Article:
Mary Beth Writes

It took me more than a month to read Annie Proulx’s 700-page novel Barkskins.

Before I return it to the library I am going to attempt to produce a book report here. Not sure if you need to read this as much as I need to write it. When a person lives five weeks with 700 pages, they really ought to know something about where they were and why they stayed there.

I am captivated, and often horrified, by the history of what happened after Europeans immigrated to North America; especially post-Columbus up to (and sometimes including) the American Revolutionary War.  From what I have read and learned, so many people and leaders during these centuries were energetic, self-satisfied, unquestioning, inventive, religious, desperate, avaricious, faith-filled, brave - and utterly disrespectful of the natural world and of non-European people.  I guess the colonial era seems like a family reunion to me.

Barkskins starts with two rough characters.  Rene’ Sel and Charles Duquet are French immigrant indentured servants who arrive in New France (Canada and northern US along the St Lawrence River) in 1693. They are hired as grunt workers to a greedy, tough, rich guy who has been living in the woods and clearing the forest to build a farm, for years. We soon learn that Rene is plodding, faithful, and asks for very little other than to be given a task and then to be left alone to do it.  Duquet is a duplicitous, selfish, scheming survivor.

Here’s the thing. The most important character in this book is great nearly untouched primeval forest.

The two servants follow the man who will be their new boss and master into the wilderness. “They plunged into the gloomy country, a dense hardwood forest broken by stands of pine…. Here grew hugeous trees of a size not seen not seen in the old country for hundreds of years, evergreens taller than cathedrals, cloud-piercing spruce and hemlock. The monstrous deciduous trees stood distant from each other, but overhead their leaf-choked branches merged into a false sky, dark and savage…”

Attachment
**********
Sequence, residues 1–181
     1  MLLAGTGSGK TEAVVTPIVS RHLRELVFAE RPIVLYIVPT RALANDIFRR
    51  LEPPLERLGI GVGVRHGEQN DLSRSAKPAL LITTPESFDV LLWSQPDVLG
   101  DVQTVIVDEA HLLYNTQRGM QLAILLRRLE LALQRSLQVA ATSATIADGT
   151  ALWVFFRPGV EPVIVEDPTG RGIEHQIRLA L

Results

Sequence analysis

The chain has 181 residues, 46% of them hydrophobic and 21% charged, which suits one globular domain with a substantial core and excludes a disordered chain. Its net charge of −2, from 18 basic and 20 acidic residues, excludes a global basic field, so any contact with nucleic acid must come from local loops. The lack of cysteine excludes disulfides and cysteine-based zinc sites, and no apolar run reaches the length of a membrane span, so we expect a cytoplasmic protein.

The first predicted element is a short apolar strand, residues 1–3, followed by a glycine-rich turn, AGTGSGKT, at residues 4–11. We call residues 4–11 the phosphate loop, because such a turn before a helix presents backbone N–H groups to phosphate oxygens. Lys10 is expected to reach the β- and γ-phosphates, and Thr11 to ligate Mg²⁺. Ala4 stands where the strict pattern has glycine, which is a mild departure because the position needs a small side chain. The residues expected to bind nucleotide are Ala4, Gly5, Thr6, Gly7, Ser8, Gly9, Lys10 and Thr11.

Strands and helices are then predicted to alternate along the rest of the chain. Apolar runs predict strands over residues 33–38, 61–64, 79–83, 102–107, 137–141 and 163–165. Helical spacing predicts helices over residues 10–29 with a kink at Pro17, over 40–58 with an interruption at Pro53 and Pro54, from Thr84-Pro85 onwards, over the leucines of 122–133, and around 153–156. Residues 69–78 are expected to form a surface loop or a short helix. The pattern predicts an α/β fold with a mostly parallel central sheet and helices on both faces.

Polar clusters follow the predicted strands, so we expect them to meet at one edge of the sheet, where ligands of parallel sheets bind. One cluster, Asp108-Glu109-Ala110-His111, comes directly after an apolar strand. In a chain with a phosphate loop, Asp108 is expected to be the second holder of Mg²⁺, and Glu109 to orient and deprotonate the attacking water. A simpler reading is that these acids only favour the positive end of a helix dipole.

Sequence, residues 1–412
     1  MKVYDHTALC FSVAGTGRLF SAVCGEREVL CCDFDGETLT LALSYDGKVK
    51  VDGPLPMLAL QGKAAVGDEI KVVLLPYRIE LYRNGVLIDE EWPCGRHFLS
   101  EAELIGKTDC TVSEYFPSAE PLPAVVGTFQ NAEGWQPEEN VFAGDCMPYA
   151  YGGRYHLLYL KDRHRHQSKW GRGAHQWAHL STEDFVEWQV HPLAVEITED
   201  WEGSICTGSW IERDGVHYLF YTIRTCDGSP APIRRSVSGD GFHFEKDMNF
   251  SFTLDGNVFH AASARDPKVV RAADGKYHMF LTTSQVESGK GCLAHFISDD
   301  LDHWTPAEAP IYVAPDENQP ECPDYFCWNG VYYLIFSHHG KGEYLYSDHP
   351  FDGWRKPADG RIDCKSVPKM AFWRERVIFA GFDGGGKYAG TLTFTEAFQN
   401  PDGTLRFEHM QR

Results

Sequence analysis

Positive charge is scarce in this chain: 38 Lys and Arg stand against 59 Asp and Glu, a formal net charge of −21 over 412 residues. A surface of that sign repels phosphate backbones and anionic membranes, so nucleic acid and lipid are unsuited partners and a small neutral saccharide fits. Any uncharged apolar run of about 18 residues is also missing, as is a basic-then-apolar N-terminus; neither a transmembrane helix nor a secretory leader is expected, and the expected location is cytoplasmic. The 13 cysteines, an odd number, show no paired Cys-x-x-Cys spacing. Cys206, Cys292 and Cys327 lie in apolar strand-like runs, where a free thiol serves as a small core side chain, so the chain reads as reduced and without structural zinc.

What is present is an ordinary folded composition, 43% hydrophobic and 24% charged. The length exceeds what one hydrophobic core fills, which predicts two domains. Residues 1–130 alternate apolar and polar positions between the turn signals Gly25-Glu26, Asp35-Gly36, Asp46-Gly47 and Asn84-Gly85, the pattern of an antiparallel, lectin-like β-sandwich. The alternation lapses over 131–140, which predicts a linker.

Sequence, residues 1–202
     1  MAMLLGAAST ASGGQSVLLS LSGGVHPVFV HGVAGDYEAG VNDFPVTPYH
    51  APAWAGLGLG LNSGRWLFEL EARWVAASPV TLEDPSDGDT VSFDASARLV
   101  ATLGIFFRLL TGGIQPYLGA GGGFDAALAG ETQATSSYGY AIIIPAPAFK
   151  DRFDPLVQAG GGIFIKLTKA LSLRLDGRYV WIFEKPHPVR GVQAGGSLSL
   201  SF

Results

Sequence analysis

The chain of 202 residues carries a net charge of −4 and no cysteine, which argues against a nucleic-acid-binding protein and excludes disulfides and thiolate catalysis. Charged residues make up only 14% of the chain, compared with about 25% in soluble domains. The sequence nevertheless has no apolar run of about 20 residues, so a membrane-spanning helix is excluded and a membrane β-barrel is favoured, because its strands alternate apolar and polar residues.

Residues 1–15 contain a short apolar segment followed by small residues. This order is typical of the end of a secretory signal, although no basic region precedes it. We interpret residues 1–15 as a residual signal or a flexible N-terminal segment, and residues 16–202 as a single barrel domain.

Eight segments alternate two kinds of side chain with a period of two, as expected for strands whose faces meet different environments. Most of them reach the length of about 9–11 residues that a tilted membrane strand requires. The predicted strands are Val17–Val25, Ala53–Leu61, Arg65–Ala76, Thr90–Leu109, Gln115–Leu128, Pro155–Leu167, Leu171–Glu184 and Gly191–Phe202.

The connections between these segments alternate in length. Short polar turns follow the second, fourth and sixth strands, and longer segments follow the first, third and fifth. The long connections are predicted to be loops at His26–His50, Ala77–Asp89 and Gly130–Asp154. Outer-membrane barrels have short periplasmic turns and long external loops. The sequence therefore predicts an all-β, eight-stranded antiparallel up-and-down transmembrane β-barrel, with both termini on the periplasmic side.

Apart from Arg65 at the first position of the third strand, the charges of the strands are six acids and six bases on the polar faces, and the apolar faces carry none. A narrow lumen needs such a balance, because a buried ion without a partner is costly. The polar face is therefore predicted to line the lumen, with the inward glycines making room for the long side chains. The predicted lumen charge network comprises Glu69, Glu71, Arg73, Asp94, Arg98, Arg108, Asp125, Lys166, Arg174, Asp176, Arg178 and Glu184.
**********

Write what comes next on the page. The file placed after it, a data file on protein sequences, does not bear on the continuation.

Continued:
pines at Copper Falls, WI

Duquet will spawn a family lumber dynasty that will, over centuries, mow down forests around the earth. Rene will marry a native woman; their children will be the lumberjacks who chop the forests owned by Duquet. At one point the two families will unwittingly intermingle, but the privilege that ought to come with that marriage will not happen.

Annie Proulx is one of my favorite writers (Shipping News, short stories that include Brokeback Mountain). She is a master at pulling a reader into rough compelling lives and into gorgeous and inhospitable places.  Barkskins is not a “sweeping family saga” filled with sex, dresses, and dashing heroes. I’ve read Herman Wouk – this is not that.

 What kept me reading is Proulx’s ability to take a reader to a place and time where people are not us. She is a research-maven; she was educated to become a historian. She has been reading histories and first source materials for decades.  She doesn’t invent character and plot so much as she weaves together what she has learned into a long, fascinating, vicious story.

To be able to get to the “character” of people who lived in different centuries and different civilizations – who were trying to figure out and survive the onslaught of western European culture – this is what Annie Proulx does better than anyone else I read.

By the last 100 pages I was frustrated at the plethora of characters she was throwing at us. At the same time, I knew those people; they are the people I’ve met in my life. Some of them seemed one-dimensional to me. I read that last century fast.